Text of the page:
Another classic thing about Timberlake's.
"Brett & Palmer" know better than to mess with the fire at South Street.
Jeanne Nicholson Siler
Ol’ man Winter has given Central Virginians a break, but we still have to get through March before dogwoods bloom, so chances are good a bitter wind will blow a little more snow and ice our way.
And you know how the song goes: “When the weather outside is frightful, the fire is so delightful….”
Thanks to cracked chimneys and flues, fireplaces are out this year in University of Virginia Lawn rooms, and I hear the Boar’s Head Inn is converting some guest room fireplaces to the gas-fed variety. Plenty of local restaurants offer those, too, but frankly, they’re just not the real thing.
So just where can you go in Charlottesville for an authentic winter fireplace experience?
Here are three of my favorites. Perhaps Hook readers will know of some others.
Dürty Nelly's Pub & Wayside Deli
2200 Jefferson Park Avenue
A half dozen bar stools and a handful of tables line the intimate and dimly-lit aisle that comprises the larger part of Dürty Nelly’s Pub, a Jefferson Park Avenue establishment that shares a building with the JPA FasMart convenience store and Nelly’s own Wayside Deli dining room.
If the general population may recognize the pub more as a directional landmark than a great place to belly up to a hot fire, Fry’s Spring neighborhood residents like John Anderson know better. Anderson tends the fire as reliably as “Ms. Sherry” tends bar most Thursday and Friday evenings,
“You know what they start the fire with in the mornings, don’t you?” Anderson asks with a grin. “Corn chips rolled up in newspapers.”
Larry “the mayor” Garton, another Nelly’s regular, explains that the reason customers can reliably find the fireplace crackling just about any day the midday temperature drops below 50 degrees is that the fireplace is “the only source of heat for the place.”
Both Garton and Sherry agree the fire is a regular drawing card, “but the best time to come in,” says Garton, “is when there’s about 20 inches of snow on the ground and the snow is blowing and the fireplace is just rolling.”
He recalls how the narrow space was converted in the late 1970s from car wash to gas station, and later to the combination deli and pub of today. A tiny stage at one end accommodates live music several nights a week, but on winter nights the floor-to-ceiling stone fireplace with its smoke-blackened portrait of an unknown Cavalier provides the stiffest competition to the overhead televisions.
South Street Brewery
106 South Street
Townies and gownies both know what’s special about Tuesday nights at South Street, but everybody should know that whenever the evening temperatures drop below 60, it’s a good bet that a wood fire will be popping in the popular drinking spot’s two-sided fireplace.
Manager Jason McKown suspects that the chimney and its solid wood hearth dates back to the building’s origins in the late 1800s when it served as the H. H. Hankins Hay and Grain warehouse. The South Street restaurant was established a century later in 1998, and McKown thinks it’s pretty fitting the old granary now boasts an on-premises brewery.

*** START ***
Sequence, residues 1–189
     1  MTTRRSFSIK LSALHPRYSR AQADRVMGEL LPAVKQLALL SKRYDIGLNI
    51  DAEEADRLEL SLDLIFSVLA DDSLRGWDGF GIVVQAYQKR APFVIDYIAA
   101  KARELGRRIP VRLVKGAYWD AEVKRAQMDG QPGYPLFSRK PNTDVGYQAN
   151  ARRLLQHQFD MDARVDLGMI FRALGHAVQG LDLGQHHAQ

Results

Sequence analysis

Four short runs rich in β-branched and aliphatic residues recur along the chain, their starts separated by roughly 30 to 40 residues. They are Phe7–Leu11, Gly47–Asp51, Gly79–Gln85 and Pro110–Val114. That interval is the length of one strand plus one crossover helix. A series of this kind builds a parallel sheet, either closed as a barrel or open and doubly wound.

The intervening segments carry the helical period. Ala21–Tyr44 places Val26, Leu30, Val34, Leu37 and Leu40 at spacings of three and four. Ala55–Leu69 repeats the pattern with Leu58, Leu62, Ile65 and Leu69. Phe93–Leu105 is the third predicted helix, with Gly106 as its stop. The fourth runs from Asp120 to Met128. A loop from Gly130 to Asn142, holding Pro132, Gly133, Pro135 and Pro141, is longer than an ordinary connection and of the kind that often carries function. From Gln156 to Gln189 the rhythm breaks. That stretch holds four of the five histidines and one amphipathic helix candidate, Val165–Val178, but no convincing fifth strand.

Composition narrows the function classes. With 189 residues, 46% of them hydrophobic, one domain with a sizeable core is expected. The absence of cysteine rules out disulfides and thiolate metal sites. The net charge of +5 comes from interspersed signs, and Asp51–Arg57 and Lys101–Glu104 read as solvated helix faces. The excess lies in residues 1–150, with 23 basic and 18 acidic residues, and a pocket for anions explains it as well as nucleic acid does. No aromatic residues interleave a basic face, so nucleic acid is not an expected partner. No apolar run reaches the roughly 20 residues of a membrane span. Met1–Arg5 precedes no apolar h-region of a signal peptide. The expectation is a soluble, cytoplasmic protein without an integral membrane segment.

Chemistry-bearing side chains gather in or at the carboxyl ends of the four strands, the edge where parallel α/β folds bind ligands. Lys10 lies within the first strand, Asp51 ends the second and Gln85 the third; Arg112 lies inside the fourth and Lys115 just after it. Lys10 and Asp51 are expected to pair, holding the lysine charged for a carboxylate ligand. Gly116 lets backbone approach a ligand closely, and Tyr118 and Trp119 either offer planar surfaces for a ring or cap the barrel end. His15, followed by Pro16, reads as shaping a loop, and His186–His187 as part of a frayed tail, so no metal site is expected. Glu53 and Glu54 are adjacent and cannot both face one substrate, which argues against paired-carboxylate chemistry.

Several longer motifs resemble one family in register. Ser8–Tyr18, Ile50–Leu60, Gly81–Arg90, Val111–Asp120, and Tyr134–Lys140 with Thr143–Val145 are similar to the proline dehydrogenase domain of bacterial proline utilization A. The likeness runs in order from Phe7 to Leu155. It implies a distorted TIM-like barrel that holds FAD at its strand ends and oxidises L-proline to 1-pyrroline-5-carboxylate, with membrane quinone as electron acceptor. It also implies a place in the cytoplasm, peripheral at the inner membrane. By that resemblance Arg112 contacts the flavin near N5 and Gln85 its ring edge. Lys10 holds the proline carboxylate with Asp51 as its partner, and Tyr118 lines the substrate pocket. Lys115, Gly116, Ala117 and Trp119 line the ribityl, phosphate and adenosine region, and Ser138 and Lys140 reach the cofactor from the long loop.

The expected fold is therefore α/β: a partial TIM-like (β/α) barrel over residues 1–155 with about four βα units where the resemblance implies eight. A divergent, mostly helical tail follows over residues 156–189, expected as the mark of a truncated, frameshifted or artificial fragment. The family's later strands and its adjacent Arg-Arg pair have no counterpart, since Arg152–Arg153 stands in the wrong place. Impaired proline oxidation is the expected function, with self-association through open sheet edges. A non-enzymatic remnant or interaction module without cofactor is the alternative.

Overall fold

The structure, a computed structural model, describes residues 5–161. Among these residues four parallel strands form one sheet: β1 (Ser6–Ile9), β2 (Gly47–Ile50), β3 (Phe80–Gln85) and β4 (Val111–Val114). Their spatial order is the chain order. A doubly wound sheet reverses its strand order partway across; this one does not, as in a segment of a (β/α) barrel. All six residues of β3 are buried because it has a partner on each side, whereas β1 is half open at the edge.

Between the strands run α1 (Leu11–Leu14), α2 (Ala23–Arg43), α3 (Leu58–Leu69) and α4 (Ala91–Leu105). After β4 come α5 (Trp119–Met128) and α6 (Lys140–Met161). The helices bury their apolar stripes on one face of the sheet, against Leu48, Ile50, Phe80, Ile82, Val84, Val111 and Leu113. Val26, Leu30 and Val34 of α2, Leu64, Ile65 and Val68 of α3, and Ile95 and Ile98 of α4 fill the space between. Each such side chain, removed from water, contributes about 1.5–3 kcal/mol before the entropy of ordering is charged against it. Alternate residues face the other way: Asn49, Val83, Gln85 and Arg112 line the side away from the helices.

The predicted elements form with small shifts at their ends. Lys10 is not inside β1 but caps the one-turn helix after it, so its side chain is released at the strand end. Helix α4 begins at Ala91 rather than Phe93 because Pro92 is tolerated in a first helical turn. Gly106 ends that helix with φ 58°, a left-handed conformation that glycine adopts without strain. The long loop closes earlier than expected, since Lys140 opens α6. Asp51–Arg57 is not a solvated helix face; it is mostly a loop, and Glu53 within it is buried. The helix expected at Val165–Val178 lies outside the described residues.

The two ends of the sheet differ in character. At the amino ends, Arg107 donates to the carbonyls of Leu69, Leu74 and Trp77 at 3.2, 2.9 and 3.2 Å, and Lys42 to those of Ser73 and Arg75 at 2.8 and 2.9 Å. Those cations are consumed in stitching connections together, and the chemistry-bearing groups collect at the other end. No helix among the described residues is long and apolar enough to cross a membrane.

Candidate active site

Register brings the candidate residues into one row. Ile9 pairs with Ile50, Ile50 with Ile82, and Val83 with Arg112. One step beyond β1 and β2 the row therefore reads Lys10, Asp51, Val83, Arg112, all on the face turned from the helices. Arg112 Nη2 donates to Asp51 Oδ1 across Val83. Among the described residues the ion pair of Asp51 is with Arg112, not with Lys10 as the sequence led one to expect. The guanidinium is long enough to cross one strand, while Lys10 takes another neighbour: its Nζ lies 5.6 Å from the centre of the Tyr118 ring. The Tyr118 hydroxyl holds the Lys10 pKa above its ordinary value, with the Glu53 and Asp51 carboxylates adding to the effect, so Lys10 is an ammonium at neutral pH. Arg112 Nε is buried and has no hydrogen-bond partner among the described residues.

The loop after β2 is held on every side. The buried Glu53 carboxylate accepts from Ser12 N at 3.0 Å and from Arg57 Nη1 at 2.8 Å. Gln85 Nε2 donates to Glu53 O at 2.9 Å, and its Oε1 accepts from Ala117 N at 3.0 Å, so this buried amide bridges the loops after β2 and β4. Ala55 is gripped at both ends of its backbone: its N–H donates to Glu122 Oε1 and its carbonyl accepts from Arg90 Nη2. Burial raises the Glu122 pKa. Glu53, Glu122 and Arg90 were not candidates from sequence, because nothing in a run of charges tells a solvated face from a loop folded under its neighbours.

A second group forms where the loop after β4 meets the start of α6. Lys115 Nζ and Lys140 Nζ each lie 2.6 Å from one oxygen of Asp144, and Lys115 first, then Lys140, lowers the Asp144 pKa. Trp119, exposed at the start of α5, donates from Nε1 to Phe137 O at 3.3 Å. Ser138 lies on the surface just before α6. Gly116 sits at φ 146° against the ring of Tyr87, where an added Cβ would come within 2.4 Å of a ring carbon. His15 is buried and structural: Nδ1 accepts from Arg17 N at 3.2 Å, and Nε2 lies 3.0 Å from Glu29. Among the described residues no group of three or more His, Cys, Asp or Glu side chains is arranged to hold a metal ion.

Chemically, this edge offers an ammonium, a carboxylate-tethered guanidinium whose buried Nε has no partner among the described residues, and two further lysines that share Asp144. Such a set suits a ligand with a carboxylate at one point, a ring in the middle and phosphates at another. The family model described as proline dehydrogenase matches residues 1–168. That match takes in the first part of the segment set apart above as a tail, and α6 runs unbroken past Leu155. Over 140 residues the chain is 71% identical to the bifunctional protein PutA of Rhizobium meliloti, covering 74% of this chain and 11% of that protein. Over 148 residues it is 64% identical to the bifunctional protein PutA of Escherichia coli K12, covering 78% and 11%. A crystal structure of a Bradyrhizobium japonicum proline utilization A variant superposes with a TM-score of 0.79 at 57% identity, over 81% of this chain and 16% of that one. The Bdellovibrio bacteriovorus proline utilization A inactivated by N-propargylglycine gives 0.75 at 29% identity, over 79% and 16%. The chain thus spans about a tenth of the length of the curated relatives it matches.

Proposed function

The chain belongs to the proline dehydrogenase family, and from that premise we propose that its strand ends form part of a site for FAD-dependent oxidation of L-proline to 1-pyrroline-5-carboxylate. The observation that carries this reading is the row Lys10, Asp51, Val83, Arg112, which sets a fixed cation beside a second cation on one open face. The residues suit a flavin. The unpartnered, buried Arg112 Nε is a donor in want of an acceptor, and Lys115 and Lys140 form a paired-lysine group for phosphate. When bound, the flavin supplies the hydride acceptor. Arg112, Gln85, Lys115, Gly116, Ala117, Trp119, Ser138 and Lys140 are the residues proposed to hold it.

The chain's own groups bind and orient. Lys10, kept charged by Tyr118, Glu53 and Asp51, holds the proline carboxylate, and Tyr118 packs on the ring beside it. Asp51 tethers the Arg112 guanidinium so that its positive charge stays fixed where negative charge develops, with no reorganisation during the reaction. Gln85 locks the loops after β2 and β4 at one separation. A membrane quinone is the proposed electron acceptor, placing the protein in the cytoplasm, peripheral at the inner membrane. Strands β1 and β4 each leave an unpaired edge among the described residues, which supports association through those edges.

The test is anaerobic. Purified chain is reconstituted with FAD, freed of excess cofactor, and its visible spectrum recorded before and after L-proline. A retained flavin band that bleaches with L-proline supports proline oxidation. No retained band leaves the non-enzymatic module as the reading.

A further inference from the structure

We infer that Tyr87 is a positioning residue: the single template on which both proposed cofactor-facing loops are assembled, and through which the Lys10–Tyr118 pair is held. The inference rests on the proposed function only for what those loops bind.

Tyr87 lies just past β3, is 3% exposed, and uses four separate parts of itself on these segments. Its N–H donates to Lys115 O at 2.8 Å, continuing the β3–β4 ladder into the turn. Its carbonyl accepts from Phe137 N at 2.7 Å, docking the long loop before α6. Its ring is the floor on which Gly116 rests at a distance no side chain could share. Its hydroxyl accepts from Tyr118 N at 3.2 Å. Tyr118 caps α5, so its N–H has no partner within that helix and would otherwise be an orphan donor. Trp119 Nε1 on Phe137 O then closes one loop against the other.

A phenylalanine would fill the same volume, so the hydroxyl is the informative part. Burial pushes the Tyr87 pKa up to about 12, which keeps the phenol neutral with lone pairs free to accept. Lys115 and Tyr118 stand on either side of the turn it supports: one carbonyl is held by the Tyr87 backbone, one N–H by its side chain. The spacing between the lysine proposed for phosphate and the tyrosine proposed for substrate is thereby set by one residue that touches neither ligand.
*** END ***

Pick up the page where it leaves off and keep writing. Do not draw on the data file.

You can lean on the high mantel or the long bar facing the fire, but just like at a zoo, the owners don’t want you to feed it as prominent signage tell patrons that anyone attempting to adjust or augment the blaze "will have to leave the premises.”
So come early and you can claim a coveted spot on one of two couches that flank the other side of the wide brick chimney. There, glass doors keep the flames in sight but the sparks away from coats and sleeves.
While the fireplace is a focal point of the restaurant, McKowen admits “it is a lot of work to manage.” Plus, being a two-and-half story chimney, “it has to be pretty cool outside to get a good draw.”
322 E. Main St. on Downtown Mall
In summertime, fresh lemonade and arguably the best chocolate milkshakes in town tend to draw customers to the soda fountain at the back of Timberlake's. In winter though, it’s the grilled cheese-and-bacon sandwiches and potato soup that are more likely to hit the spot.
You can while away the better part of an hour perched on a red vinyl stool at the lunch counter talking to Debbie or Connie after they’ve served up a fresh piece of chocolate cake or refilled a coffee cup. But it’s just as fine to pull up a wooden chair at one of the small tables near the fireplace on the back wall where pharmacist John Plantz keeps several logs blazing during long lunch hours on the coldest days.
“You can be sure we have a fire going every time it snows,” declares Billie Midthun who, in addition to keeping the pharmacy's books, takes care of all the baking, sandwich making, and chili cooking.
With its three-panel wire screen and sturdy mantel topped by a large mirror framed in gold-curlicues, this fireplace is just as humble as the snapshot collection of happy patrons that rims the dining room. The fire throws out a cozy glow with the kind of steady warmth that feels great on your back if you’re lucky enough to snag a table that close.
The counter ladies let Plantz know when it’s time to haul more logs from the storage room downstairs, fuel that originated on the pharmacist’s own Crozet-area property.
When he gently lowers one onto hot coals during a damp Saturday afternoon, a nearby customer sighs contentedly and notes how it makes the room smell like “Williamsburg– and marshmallows.”
Among her past lives, anthro-oriented author/blogger Jeanne Nicholson Siler was once the proofreader for the Hook.